Could there be a MLB-KBO All-Star game?

Jun 4, 2017; Milwaukee, WI, USA; Milwaukee Brewers left fielder Eric Thames (7) hits a solo home run in the first inning against the Los Angeles Dodgers at Miller Park. Mandatory Credit: Benny Sieu-USA TODAY Sports
Jun 4, 2017; Milwaukee, WI, USA; Milwaukee Brewers left fielder Eric Thames (7) hits a solo home run in the first inning against the Los Angeles Dodgers at Miller Park. Mandatory Credit: Benny Sieu-USA TODAY Sports /

Major League Baseball and the Korean Baseball Organization have tentatively agreed to an exhibition game featuring All-Stars from each league, per Sports Seoul. After MLB exhibitions in Japan, Australia, Mexico, and Cuba over the past few years, perhaps this development is no surprise.

If the agreement is finalized, a best-on-best matchup between KBO and MLB stars will take place on Nov. 11 in Seoul, South Korea. The game will be played in a 2017 World Baseball Classic venue, the Gocheok Sky Dome, potentially kicking off an MLB “Asian tour” that also passes through Taiwan.

There are a few storylines to look out for going into the game: How will MLB players match up against the different style of play across the Pacific? Will a Korean star parlay his exposure into a major-league opportunity? How will former big-league players perform for the KBO All-Stars? Will six-year KBO veteran Dustin Nippert out himself as the next Eric Thames?

OK, so in truth, there isn’t too much to sell on the field here. Who even knows if any MLB stars will make the trip to Seoul, and there isn’t a transcendent prospect to look out for on the KBO team—if the game happens at all.

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In fact, considering South Korea made a run to the World Baseball Classic final in 2009, professional baseball from the East Asian peninsula has yielded fewer major-league stars than you would expect. Though we’ve been teased with plenty of talent, Texas right-fielder Shin-Soo Choo and former All-Star pitcher Chan-Ho Park are arguably the only two players who have managed to provide long-term value upon making the jump from the KBO.

But this actually makes sense: Despite this year’s anomaly of Eric Thames, the level of play in Korean baseball is inferior to Japan’s NPB, which is often considered around Triple-A. So when it comes to strength, a roster (hopefully) featuring the likes of Mike Trout and Buster Posey will effectively take on a group of Double-A prospects in an “All-Star” game come November.

Honestly, though, who cares about the game? The event is more about spectacle than competitiveness, and the KBO has the former in spades. Even first pitches are a spectacle. Beyond those, there are more cultural quirks that could make an MLB-KBO All-Star Game worth watching.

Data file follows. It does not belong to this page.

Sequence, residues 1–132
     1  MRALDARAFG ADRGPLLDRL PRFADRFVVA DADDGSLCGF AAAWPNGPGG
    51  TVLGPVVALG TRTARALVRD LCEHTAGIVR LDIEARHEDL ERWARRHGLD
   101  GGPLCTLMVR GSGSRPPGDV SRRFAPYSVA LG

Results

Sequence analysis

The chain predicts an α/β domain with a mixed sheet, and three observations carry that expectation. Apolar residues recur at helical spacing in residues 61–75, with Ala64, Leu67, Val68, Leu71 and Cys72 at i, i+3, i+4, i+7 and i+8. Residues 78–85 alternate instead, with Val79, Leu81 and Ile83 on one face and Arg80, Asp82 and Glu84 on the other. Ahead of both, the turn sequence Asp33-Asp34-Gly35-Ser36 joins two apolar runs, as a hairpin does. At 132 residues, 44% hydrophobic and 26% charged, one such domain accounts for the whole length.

Let’s start with the atmosphere that Korean baseball fans bring on game day:

Say what you want about the quality of play—few big-league ballparks ever look or sound like that. The Sky Dome may not reach that intensity in an exhibition, but you can still expect a similar cauldron of noise for the first major-league pitch thrown in South Korea since 1958.

Choo, St. Louis closer Seung-hwan Oh, and other current Korean big leaguers will also undoubtedly feature—health and postseason workload permitting—adding more reasons for the spectators to cheer. We might even see one of them receive respectful bows from KBO players, as Park experienced upon his return to Korea.

But most importantly, we will get to see bat flips. Lots of them. The KBO is almost exclusively famous for its bat-flipping in the United States, and there’s a reason for that. At this point, it’s nearly a cultural reflex—ingrained so deep into Korean ballplayers they sometimes forget they’re doing it.

I mean, check out this guy, who flips his bat to the moon hitting a foul ball while his team is down 10-3. There are even montages on YouTube, where you can marvel at a collection of truly absurd tosses while listening to terrible music:

Hopefully cultural differences don’t turn the exhibition into a game of bean-ball, but it’ll be interesting to see how Stephen Strasburg reacts to getting a bat flipped in his face on a fly-ball out to centerfield.

It’s too bad MLB won’t make a weekend out of it and organize a bunt derby; I also legitimately wouldn’t mind if the Perfect Pitcher competition were implemented in our All-Star festivities stateside. For now, however, a one-off game will have to do. Hopefully there will be another chance down the line to mix the big leagues with the bizarre world of Korean baseball.

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Of course, to the cynics out there: There’s no doubt the exhibition (and subsequent Asian tour) is a marketing ploy. Major League Baseball, like all other major sports leagues today, hopes to stretch its brand across the world, and this will be another good test of its global appeal. The league will say the event is for the fans, when it’s really for the dollars. But hey—it’s baseball in November. Who are we to complain?